The coronavirus pandemic has impacted New Jersey’s finances in an unprecedented way, resulting in the state spending hundreds of millions of dollars toward relief efforts. Even with federal aid and borrowing available to help support revenue shortfalls, the state needs to do more to ensure financial stability now and in the future.
By increasing the income tax on the state’s wealthiest households, New Jersey could raise $1.5 billion to support COVID-19 relief efforts, according to a report by New Jersey Policy Perspective.
The report, Road to Recovery: Reforming New Jersey’s Income Tax Code, said that reform is necessary to fix the state’s finances and prevent budget cuts to public services, and proposed creating new tax brackets at the $250,000 and $1 million levels as well as increasing the tax contribution at the existing $500,000 and $5 million brackets. The proposal does not change income brackets for those who make less than $250,000 a year.
“New Jersey’s recovery from the COVID-19 pandemic will depend on the policy decisions made in the coming weeks and months,” Sheila Reynertson, senior policy analyst at New Jersey Policy Perspective and author of the report, said.
“State lawmakers can either balance the budget with deep cuts that will harm our communities, or they can make sure the wealthiest among us pay their fair share. The current tax code puts middle-class and low-paid families at a disadvantage. The reforms outlined in this report will help fix that, while also providing the state with more resources to get us out of this downturn.”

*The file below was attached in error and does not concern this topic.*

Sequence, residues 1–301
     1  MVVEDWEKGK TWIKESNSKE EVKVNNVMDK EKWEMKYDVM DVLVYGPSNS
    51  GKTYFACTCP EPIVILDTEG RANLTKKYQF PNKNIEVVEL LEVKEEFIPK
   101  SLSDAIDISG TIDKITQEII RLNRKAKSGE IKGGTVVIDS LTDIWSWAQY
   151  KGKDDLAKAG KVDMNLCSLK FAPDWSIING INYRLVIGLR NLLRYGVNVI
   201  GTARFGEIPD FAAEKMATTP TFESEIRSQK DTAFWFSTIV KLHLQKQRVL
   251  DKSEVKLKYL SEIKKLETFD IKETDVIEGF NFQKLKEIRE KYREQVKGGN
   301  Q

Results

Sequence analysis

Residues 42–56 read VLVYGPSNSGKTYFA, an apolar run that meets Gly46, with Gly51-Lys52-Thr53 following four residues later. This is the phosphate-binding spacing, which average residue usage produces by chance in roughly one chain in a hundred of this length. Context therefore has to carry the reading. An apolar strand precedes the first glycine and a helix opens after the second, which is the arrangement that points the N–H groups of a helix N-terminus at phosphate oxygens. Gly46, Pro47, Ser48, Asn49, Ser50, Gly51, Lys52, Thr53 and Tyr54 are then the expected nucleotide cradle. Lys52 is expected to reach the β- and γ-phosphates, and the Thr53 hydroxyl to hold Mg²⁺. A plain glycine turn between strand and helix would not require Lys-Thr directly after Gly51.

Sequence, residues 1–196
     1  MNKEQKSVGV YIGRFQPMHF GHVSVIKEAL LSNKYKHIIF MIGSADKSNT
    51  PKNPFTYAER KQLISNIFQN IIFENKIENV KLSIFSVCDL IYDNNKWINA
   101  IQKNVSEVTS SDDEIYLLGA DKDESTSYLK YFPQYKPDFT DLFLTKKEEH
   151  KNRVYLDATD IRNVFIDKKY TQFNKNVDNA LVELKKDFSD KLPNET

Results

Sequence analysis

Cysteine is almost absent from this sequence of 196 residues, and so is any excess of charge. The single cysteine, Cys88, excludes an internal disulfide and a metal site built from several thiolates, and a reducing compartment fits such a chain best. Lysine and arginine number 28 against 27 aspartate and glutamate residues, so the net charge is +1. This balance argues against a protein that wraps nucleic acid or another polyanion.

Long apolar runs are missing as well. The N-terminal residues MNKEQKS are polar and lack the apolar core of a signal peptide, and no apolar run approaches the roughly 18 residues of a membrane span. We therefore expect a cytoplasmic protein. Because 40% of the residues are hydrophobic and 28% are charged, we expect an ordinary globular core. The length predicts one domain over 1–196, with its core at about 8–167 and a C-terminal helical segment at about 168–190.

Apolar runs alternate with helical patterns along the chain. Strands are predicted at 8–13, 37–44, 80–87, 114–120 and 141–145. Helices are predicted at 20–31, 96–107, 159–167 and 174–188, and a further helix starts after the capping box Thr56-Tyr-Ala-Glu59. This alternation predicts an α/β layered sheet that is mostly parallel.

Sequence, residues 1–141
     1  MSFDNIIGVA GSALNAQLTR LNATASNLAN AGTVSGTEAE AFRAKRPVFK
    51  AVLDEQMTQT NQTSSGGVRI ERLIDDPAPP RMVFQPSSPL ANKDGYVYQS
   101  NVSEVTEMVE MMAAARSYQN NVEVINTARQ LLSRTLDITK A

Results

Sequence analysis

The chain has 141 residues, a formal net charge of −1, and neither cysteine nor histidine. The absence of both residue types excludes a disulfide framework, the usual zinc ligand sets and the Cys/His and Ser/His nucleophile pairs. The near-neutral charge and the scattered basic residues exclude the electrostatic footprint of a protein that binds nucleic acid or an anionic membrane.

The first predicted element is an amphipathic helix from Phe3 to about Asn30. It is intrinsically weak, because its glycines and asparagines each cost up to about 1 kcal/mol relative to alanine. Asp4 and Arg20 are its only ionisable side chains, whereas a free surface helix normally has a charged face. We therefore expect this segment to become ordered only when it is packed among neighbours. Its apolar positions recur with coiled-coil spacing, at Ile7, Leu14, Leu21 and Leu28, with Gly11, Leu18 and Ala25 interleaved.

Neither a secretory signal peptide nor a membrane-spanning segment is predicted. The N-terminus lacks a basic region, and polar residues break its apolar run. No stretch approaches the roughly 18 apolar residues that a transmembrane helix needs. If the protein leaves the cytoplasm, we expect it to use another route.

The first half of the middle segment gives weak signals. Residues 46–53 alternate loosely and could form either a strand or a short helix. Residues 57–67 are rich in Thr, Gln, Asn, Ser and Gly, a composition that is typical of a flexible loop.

Currently, New Jersey’s middle-class families pay a higher share of their income in state and local taxes than the state’s Top 1% of earners (10.7% and 9.8% respectively). NJPP’s proposal calls for the Top 1% to pay 10.8% of their annual income in state and local taxes.
Due to the nation’s history of racial inequity, New Jersey’s Black and brown communities have been hardest hit by the economic fallout from the COVID-19 pandemic, the NJPP report said. These communities will also be the most impacted if cuts to public services happen.
“The sustained protests against racial discrimination and police brutality against Black Americans have put state and local budgets in the spotlight,” Reynertson said. “Fixing the tax code is the best way for lawmakers to put into practice the values and priorities we hold as a state. This moment presents a big opportunity for New Jersey to advance racial equity and invest in the building blocks of a strong economy that works for everyone.”